Anita Hill, the woman who testified that then-Supreme Court nominee Clarence Thomas had sexually harassed her, supports the idea of asking the FBI to investigate the sexual misconduct allegation Christine Blasey Ford has made against Supreme Court nominee Brett Kavanaugh.
"Absolutely, it's the right move," Hill told ABC News' "Good Morning America." "The hearing questions need to have a frame and the investigation is the best frame for that -- a neutral investigation, that can pull together the facts, create a record, so that the senators can draw on the information they receive to develop their question."
She also suggested bringing in the testimony of experts "who can help them shape the questions they're going to ask. All of this -- is really something that I don't think can be avoided if you really want to get to the truth."
Five days after Thomas' confirmation hearings, the then-University of Oklahoma law professor testified before Congress that Thomas had harassed her when he was her supervisor at the Civil Rights office of the Education Department. While Thomas was confirmed, Hill's testimony has not been forgotten and has been raised as a #MeToo object lesson in how not to handle Kavanaugh's nomination.
Ford has been asked by the Senate Judiciary Committee to testify Monday, but her lawyers told the committee that Ford would like to see her allegation that Kavanaugh sexually assaulted her over three decades ago investigated by the FBI before she testifies to the the committee.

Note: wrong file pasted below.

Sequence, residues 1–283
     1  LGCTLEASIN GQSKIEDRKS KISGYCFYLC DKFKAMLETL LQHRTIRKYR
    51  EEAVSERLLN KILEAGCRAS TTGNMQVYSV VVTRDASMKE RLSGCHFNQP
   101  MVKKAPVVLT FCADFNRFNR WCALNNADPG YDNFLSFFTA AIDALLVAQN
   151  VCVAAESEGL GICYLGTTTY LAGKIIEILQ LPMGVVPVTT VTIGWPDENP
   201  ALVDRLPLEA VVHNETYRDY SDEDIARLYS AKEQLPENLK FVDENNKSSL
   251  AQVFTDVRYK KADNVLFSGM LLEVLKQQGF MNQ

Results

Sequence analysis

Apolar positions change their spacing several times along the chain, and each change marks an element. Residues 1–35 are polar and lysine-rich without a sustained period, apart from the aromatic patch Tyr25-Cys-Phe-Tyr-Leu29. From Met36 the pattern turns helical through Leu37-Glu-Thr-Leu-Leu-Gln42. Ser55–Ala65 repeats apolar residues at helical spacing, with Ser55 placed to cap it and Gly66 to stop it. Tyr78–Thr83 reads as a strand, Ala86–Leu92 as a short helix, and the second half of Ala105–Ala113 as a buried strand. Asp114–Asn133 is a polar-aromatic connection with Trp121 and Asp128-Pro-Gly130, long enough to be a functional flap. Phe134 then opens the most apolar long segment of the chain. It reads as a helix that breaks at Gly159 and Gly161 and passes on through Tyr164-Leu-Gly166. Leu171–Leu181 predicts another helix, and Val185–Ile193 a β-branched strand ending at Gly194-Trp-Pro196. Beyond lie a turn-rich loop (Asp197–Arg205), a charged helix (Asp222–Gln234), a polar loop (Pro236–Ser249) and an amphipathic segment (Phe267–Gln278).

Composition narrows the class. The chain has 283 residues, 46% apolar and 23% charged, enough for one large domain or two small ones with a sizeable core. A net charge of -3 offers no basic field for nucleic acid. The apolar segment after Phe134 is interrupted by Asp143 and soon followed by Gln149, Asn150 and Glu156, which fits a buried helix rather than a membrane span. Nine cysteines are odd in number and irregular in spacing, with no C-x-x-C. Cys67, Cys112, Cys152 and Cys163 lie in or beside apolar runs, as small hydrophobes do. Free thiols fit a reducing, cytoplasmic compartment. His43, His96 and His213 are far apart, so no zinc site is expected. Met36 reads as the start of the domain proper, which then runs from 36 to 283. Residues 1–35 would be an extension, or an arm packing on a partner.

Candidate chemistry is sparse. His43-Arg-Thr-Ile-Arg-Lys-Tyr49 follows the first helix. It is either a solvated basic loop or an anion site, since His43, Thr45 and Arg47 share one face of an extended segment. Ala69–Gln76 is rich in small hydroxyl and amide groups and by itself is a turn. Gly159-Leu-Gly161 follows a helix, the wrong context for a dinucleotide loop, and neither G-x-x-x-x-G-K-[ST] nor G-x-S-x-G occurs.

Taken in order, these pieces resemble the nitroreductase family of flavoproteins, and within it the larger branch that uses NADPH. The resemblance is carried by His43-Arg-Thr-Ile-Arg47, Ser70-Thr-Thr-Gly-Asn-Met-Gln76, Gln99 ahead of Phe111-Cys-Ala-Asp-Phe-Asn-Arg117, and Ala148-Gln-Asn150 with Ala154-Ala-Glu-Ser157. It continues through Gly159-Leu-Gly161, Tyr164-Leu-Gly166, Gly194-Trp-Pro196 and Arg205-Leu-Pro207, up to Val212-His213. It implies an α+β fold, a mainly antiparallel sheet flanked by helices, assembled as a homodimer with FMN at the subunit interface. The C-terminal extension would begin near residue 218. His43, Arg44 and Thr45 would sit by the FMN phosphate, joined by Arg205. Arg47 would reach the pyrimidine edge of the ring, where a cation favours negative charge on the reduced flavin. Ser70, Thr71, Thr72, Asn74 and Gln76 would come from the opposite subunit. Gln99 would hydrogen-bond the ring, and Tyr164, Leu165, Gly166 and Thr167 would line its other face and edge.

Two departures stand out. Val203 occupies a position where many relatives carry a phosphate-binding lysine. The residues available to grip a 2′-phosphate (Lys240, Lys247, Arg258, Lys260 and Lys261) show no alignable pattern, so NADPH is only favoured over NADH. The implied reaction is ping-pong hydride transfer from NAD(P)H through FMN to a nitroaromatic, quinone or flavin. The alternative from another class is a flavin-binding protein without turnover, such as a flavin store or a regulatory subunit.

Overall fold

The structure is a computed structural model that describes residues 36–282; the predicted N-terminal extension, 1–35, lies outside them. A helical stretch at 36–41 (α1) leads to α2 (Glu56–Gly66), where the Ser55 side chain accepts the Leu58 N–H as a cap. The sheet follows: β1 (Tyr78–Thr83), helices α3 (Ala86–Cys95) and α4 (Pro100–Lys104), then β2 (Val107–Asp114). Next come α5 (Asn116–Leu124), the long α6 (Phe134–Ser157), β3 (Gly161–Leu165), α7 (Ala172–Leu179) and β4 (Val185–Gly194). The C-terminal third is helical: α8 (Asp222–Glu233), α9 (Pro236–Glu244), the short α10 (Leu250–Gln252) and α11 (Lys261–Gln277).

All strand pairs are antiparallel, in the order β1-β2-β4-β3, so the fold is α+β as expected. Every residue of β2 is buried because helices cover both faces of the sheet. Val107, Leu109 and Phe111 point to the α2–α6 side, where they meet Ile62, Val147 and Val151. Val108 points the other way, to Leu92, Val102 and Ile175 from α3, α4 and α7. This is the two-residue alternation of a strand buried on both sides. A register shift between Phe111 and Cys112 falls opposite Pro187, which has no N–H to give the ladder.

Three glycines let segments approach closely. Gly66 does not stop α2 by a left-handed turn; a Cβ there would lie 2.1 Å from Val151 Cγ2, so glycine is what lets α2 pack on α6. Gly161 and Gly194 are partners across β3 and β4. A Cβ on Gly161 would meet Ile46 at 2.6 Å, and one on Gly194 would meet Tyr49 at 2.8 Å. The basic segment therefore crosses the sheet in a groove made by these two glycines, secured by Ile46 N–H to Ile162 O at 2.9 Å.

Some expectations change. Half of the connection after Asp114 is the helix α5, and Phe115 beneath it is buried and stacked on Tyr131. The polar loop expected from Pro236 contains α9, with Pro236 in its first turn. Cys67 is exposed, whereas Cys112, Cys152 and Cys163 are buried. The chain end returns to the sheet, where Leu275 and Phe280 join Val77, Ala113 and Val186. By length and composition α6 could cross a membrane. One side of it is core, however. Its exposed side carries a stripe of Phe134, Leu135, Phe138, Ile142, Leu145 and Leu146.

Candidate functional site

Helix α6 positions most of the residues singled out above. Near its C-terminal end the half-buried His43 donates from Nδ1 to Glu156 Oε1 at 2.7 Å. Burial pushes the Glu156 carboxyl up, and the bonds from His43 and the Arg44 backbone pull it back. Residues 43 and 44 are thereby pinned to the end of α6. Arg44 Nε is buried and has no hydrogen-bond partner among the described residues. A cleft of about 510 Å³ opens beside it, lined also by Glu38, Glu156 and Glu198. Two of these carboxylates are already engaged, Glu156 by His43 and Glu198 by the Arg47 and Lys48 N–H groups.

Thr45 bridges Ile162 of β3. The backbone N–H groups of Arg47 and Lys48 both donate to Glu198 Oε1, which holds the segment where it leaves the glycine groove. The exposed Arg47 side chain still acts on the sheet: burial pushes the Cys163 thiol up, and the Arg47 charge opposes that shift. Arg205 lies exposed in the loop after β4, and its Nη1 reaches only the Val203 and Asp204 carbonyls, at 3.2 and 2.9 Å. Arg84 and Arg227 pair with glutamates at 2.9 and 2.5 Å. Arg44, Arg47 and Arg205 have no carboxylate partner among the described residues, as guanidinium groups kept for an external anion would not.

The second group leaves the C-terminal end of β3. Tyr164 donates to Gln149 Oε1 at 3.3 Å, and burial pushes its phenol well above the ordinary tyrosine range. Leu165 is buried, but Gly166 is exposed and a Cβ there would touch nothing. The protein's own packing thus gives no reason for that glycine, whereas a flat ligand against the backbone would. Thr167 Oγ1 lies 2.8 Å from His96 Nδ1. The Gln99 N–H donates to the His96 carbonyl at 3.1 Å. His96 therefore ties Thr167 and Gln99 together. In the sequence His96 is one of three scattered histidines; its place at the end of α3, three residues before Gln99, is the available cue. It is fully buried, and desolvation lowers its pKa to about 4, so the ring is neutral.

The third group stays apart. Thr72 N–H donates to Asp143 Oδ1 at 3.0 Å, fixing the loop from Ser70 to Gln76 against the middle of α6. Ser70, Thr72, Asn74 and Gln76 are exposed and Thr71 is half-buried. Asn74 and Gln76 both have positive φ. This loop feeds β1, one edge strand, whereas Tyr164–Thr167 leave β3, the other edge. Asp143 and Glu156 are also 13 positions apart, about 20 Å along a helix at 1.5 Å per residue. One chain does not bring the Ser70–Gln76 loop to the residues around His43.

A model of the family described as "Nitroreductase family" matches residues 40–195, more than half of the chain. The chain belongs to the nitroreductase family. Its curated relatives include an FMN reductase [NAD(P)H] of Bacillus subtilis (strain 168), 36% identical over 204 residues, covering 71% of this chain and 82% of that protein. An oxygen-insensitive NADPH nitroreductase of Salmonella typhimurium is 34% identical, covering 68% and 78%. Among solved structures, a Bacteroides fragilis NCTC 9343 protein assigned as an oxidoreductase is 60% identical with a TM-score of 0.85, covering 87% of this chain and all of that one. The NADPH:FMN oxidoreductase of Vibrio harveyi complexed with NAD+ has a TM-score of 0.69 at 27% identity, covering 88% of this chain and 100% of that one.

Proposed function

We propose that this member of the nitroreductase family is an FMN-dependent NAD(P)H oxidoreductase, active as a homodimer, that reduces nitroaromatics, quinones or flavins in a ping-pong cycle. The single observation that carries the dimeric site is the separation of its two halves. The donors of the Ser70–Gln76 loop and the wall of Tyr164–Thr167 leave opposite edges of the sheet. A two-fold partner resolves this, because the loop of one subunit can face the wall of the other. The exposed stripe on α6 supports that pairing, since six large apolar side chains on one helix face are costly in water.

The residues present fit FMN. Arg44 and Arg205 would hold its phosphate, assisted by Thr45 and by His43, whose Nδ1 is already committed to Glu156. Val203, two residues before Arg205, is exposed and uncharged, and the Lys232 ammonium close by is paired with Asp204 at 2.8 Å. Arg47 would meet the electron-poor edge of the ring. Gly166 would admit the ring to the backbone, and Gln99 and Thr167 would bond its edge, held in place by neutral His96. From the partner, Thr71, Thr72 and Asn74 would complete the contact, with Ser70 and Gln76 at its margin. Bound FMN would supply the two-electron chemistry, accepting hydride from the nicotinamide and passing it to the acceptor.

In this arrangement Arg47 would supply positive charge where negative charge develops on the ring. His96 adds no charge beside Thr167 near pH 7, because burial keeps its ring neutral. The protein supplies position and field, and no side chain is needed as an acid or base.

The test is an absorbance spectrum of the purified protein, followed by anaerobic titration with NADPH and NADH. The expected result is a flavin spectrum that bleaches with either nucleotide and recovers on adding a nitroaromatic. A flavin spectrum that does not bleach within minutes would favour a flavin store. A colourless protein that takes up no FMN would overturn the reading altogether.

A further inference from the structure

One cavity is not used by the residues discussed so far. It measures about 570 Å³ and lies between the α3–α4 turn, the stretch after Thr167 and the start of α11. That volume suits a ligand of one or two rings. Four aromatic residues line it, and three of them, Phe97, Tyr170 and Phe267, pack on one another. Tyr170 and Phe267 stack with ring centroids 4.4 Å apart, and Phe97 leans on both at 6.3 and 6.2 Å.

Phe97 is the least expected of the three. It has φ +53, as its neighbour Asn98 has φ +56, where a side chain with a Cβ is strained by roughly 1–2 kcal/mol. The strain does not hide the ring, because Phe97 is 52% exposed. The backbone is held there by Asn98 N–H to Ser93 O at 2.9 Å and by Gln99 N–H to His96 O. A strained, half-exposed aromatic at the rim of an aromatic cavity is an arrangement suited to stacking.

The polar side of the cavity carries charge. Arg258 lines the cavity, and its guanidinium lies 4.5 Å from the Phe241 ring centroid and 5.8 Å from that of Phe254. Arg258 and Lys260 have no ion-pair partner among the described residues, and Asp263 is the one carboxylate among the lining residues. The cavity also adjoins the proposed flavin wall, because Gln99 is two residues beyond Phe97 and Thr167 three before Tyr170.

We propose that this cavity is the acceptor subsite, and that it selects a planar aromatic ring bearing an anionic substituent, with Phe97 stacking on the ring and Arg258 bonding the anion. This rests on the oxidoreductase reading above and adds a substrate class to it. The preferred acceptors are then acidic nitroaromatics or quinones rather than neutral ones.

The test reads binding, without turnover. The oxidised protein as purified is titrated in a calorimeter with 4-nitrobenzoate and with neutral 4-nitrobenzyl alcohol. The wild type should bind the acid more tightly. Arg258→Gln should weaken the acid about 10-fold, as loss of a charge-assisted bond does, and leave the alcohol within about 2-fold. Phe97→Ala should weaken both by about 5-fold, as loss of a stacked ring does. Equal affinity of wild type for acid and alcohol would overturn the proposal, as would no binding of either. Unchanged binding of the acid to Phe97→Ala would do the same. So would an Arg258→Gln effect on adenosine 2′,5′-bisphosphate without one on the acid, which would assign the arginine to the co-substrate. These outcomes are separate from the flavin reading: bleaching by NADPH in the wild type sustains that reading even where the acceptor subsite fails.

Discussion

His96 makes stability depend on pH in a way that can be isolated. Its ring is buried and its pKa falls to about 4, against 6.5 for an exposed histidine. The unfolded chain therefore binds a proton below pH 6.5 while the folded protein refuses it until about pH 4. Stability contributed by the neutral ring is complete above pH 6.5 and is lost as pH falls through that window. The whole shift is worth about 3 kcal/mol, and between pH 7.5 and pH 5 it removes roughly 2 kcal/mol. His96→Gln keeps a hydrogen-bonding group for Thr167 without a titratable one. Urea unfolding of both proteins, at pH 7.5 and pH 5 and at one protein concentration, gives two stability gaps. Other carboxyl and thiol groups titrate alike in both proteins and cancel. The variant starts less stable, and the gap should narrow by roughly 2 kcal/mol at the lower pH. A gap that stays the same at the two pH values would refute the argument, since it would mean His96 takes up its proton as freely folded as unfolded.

Hill was then asked by anchor George Stephanopoulos if Ford has an obligation to testify if, as the president and Republicans indicate, there isn't an FBI investigation, and the conditions are "not ideal." But Hill said it was really a question about the conditions of Ford's testimony are "actually tenable."
"We're not talking about whether the conditions are 'ideal,' we're talking about whether the conditions are actually tenable -- whether or not it's going to be anything more than just a sham proceeding, so that the senators can say, 'We gave her a chance to talk,'" before going on to just confirm him as they intended, Hill said.
"There is no reason to rush this and push this with a six-day time frame," Hill said.
"The American public really is expecting something more. The American public wants to know about what happened, and they want to know that the Senate takes this seriously."
Writing in the New York Times Tuesday, Hill used her own experience as an example of why Ford's allegations should not be dismissed out of hand. "The weight of the government should not be used to destroy the lives of witnesses who are called to testify," she said.
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